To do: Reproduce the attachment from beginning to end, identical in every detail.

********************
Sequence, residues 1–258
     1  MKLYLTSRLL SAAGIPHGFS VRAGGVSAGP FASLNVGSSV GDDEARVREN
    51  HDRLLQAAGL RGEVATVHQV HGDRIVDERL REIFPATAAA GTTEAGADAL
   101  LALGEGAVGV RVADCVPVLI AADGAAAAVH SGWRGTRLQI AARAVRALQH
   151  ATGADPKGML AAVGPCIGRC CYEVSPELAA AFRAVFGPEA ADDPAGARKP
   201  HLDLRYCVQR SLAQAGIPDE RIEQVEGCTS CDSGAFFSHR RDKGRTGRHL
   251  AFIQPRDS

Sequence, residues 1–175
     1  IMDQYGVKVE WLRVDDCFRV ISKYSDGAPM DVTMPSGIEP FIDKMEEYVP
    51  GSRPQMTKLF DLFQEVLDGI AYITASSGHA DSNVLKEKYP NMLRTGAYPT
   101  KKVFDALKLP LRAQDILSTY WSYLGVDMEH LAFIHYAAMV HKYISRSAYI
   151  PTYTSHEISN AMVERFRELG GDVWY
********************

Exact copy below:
Sequence, residues 1–258
     1  MKLYLTSRLL SAAGIPHGFS VRAGGVSAGP FASLNVGSSV GDDEARVREN
    51  HDRLLQAAGL RGEVATVHQV HGDRIVDERL REIFPATAAA GTTEAGADAL
   101  LALGEGAVGV RVADCVPVLI AADGAAAAVH SGWRGTRLQI AARAVRALQH
   151  ATGADPKGML AAVGPCIGRC CYEVSPELAA AFRAVFGPEA ADDPAGARKP
   201  HLDLRYCVQR SLAQAGIPDE RIEQVEGCTS CDSGAFFSHR RDKGRTGRHL
   251  AFIQPRDS

Sequence, residues 1–175
     1  IMDQYGVKVE WLRVDDCFRV ISKYSDGAPM DVTMPSGIEP FIDKMEEYVP
    51  GSRPQMTKLF DLFQEVLDGI AYITASSGHA DSNVLKEKYP NMLRTGAYPT
   101  KKVFDALKLP LRAQDILSTY WSYLGVDMEH LAFIHYAAMV HKYISRSAYI
   151  PTYTSHEISN AMVERFRELG GDVWY